There are two contrasting forms of Theosophy. While Christian theosophy humbly explores the hidden riches of the divine revelation and thus stands at the root of Christian mysticism (1 Cor 2:10), by contrast there is also a "evocative theosophy" which conjures the experience of a "perennial religion" from the basis of any religious tradition, indifferent towards any doctrinal content. It is neither correct nor sincere when this second stream of theosophy claims its roots from Biblical sources. Theosophy in the modern sense pretends to form "the essence and the core, the fruit and the goal of all religions". By its hermeneutic principle "Know yourself'' (the ancient: "gnothi seauton'') theosophy aims at the construction of a universal religion, based on a spiritual science of human self-perfection. Thus evocative theosophy appears as a pare-religious movement, a virus that spreads within a host religion, reclaiming its doctrines for its own inclusivism by twisting their interpretation.
The name and program of the Theosophical Society, founded 1875 in New York by Helena Petrovna Blavatsky and Henry Steel Olcott, has been inspired from the spiritist theosophy of Emanuel Swedenborg . "Intellectualiter intrare in arcane fidei", is engraved over the portal of the Swedenborgian Cathedral at Bryn Athyn, Pennsylvania, and in this gnostic principle lies the key of a modern religion which attributes the achievement of salvation to the intellectual capacities of the human mind. The ideas of Madame Blavatsky have been shaped by Western occultism with the declared intention to combat Christianity. Her great encyclopedia "Isis Unveiled" (1877) is a grandiose summary of the Western Hermetic traditions. Already in her first doctrinal article Blavatskaia had affirmed the following key ideas:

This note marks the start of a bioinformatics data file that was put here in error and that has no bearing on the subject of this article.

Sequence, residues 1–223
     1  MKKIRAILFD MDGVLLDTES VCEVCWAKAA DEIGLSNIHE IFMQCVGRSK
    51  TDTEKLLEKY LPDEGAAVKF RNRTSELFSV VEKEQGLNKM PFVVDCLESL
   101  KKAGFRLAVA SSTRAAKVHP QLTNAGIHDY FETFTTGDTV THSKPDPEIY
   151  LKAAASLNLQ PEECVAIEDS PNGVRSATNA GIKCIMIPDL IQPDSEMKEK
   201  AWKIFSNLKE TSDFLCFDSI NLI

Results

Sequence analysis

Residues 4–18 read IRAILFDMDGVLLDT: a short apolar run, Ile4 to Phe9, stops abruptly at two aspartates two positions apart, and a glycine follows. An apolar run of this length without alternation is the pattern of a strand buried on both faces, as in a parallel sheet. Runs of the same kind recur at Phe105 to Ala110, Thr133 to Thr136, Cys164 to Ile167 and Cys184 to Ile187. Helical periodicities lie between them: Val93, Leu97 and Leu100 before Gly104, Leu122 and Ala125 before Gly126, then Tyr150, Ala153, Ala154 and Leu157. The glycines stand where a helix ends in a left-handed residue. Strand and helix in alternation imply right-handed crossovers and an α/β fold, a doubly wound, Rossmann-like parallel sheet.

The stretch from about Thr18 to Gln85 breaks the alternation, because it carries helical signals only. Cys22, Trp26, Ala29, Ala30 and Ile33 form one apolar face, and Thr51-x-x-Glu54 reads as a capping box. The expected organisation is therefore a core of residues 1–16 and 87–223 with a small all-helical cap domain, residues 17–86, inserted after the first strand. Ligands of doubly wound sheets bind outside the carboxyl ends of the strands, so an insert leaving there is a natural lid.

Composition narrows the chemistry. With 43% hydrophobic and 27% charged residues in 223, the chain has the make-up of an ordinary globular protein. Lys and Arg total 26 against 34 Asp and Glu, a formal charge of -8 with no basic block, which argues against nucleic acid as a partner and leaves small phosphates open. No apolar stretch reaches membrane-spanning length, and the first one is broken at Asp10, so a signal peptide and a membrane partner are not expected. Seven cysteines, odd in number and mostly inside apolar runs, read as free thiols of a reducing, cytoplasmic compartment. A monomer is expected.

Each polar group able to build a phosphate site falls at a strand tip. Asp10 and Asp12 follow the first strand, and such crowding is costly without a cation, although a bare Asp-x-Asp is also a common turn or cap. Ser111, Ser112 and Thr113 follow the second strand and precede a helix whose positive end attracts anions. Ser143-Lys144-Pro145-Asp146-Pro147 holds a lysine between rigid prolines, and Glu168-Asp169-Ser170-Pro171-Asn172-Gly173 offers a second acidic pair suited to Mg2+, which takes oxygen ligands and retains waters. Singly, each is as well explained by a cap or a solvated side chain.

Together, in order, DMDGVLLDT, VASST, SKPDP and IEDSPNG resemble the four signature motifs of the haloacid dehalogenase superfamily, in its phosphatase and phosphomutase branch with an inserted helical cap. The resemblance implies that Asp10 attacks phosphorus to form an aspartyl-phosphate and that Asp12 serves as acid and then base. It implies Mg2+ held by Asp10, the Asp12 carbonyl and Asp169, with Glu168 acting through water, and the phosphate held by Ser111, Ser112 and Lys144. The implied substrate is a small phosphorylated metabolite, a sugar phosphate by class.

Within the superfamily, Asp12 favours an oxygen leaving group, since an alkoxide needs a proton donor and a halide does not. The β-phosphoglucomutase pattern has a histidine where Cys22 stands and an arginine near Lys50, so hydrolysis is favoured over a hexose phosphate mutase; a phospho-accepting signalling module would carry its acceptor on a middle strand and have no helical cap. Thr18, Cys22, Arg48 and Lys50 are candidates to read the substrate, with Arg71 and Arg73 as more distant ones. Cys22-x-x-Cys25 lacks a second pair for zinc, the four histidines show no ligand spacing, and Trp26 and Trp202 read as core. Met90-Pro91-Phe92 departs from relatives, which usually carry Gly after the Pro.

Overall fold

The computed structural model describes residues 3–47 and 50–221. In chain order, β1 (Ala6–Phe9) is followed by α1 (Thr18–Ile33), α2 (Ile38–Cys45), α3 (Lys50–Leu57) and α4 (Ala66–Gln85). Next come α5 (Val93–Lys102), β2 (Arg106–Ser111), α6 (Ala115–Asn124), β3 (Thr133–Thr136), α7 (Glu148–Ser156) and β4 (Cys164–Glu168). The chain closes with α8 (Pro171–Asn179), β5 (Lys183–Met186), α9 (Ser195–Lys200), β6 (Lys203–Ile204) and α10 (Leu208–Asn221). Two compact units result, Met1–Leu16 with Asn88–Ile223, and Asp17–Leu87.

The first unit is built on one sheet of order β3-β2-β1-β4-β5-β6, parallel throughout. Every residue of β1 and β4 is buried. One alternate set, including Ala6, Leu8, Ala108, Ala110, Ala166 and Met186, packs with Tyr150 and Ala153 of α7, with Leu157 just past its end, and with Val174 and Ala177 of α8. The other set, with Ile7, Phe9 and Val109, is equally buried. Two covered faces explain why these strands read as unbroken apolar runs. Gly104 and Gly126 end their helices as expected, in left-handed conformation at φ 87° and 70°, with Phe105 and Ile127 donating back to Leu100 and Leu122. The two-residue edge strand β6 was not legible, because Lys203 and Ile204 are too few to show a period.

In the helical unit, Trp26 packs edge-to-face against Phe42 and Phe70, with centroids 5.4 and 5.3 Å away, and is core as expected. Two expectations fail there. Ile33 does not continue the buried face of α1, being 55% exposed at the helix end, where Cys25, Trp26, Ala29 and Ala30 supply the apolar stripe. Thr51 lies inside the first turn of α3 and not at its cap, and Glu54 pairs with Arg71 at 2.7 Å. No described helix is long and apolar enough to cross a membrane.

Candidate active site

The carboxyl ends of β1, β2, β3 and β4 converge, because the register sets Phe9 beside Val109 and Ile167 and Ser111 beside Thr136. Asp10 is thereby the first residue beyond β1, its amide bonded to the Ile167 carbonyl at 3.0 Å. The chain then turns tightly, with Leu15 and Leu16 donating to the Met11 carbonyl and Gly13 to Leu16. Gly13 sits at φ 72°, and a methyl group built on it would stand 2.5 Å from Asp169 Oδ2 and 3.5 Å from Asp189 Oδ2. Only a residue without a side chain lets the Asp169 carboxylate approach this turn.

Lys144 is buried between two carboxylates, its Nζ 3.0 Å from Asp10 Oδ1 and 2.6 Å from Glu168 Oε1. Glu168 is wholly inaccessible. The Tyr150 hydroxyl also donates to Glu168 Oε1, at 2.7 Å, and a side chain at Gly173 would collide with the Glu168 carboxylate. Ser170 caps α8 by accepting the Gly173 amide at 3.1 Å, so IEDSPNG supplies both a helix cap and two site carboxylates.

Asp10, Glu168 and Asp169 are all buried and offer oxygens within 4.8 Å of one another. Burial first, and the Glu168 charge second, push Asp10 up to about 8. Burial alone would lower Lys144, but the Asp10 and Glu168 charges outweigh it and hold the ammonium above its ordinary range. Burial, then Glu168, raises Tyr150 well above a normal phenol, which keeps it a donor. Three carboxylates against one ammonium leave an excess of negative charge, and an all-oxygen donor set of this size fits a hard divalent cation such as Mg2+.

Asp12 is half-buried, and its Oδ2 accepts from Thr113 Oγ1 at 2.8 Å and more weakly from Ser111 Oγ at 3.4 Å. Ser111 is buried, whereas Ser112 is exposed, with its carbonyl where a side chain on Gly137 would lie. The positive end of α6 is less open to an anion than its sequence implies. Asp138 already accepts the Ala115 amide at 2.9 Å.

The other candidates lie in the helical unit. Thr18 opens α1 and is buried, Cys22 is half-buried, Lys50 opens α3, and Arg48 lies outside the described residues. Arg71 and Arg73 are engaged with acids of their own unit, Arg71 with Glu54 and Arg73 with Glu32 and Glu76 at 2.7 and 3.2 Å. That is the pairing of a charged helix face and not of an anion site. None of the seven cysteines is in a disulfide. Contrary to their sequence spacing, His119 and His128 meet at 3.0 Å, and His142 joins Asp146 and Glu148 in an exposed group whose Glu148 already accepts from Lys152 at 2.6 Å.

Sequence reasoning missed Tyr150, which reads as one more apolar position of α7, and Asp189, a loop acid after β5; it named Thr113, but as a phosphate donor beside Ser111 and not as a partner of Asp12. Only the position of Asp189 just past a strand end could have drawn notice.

"This planet is a place of transition where we prepare for eternity. There is eternal progress for every living being. Elementary spirits are often mistaken for those of the dead. Reincarnation [in the spiritualist theory of Allan Kardec; M.F.] is a modern misunderstanding. Oriental philosophy denies the existence of Satan. The Jewish religion is derived from the pagan Mysteries. Ancient Cabalists knew as much as modern scientists. Egyptian initiation took away the fear of death. The Scriptures are full of secret meanings. With the Hydesville rappings, the door is ajar. Now occultism needs to explain and alter much of spiritualism".
The term "reincarnation" was not yet current in the early Theosophical teaching, it had even been denied in Isis Unveiled. However, under the corresponding( term metempsychosis Blavatsklaia refers only to the Western occult tradition; initially even the term "anastais" had been used with an occult meaning. Her illustrations draw heavily from Western sources (mainly Egyptian) with a very positive undertone, and only later had been supported by quotations from Oriental sources 15. Although Blavatskaia later on took efforts to show that all her teachings proceeded from the same source of the "Adept Brothers", her explicit teaching of reincarnation appears first in 1882, 16 and may be summarized in her own words from the Theosophical Glossary (1892):